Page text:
A Modern Take on Hip-Hop’s Sample Culture
M.I.A. once described Kala as a marble cake, each song a cross-section of the sounds and styles she’d absorbed along the way. It’s a good metaphor. Not only does it capture the cultural swirl of the digital era (a little of this, a little of that, everything at your fingertips), it captures the architecture of Kala’s sound: a vibrant, contrasting, fully modern take on the sample-based clash of early hip-hop. Pirate music, guerrilla music. To the extent you could call her an optimist, it’s in the idea that she could bring together all her disparate influences—Black, white, first-, second-, or third-world—and have them stand on equal footing. And like the supersaturated mixes of 2000s artists like DJ /rupture or Girl Talk—the sound of hyperlinks on hyperlinks—you get the glimpse of something utopian: In Kala, the power goes to the people, especially the ones making do with what they have.
The Eclectic Primitivism of The Clash
Diplo sampling The Clash for “Paper Planes” (1982’s “Straight to Hell”) wasn’t just a good pull, it told you where M.I.A. was coming from. Like The Clash, she seemed like someone who could walk into a club anywhere on earth and seem cool. But she was also an avowed non-musician whose attitude had more in common with the primitivism of punk than the finesse of pop. (The vocal for “Paper Planes” was, by her own account, recorded in an offhand moment before brushing her teeth—an unusual pedigree for a multiplatinum single.) The connection has more to do with politics than style. Where The Clash used reggae, disco, and gospel on albums like Sandinista! to connect punk with a broader world of working-class music (reggae and punk having an especially tight connection in England, where white dockworkers mixed with their Trinidadian and West Indian peers), M.I.A. handled hip-hop and club music as just another extension of the fiddle reels and folk dances that have kept ordinary people entertained for centuries. Plus, the ideas land harder when you can sing along.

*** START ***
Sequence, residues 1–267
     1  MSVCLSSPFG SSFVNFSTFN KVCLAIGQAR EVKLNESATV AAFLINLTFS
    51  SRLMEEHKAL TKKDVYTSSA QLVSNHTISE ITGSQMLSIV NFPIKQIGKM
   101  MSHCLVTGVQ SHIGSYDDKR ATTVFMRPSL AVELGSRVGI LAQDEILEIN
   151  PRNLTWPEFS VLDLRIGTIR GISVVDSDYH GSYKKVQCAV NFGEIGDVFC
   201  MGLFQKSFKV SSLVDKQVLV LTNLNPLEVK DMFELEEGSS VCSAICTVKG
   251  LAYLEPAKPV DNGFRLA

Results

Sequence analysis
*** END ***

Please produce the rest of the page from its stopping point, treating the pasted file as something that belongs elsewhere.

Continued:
Timbaland, Missy Elliott, and Minimalist Mainstream Hip-Hop
M.I.A. initially planned to start Kala in Virginia with producer Timbaland, before running into the visa troubles that set her on the odyssey the album became. You get it. Along with Missy Elliott, Timbaland helped turn mainstream hip-hop into something more like a Looney Tunes cartoon: absurd but minimal, a masterpiece drawn in a few beats. They were serious about their art but not intellectual about it. And like M.I.A., they drew on sounds and styles that lay way outside of what anyone assumed hip-hop could be. Most of all, you sensed the fun they had in putting things together that shouldn’t have worked but did—the same joyful experiments that make Kala great.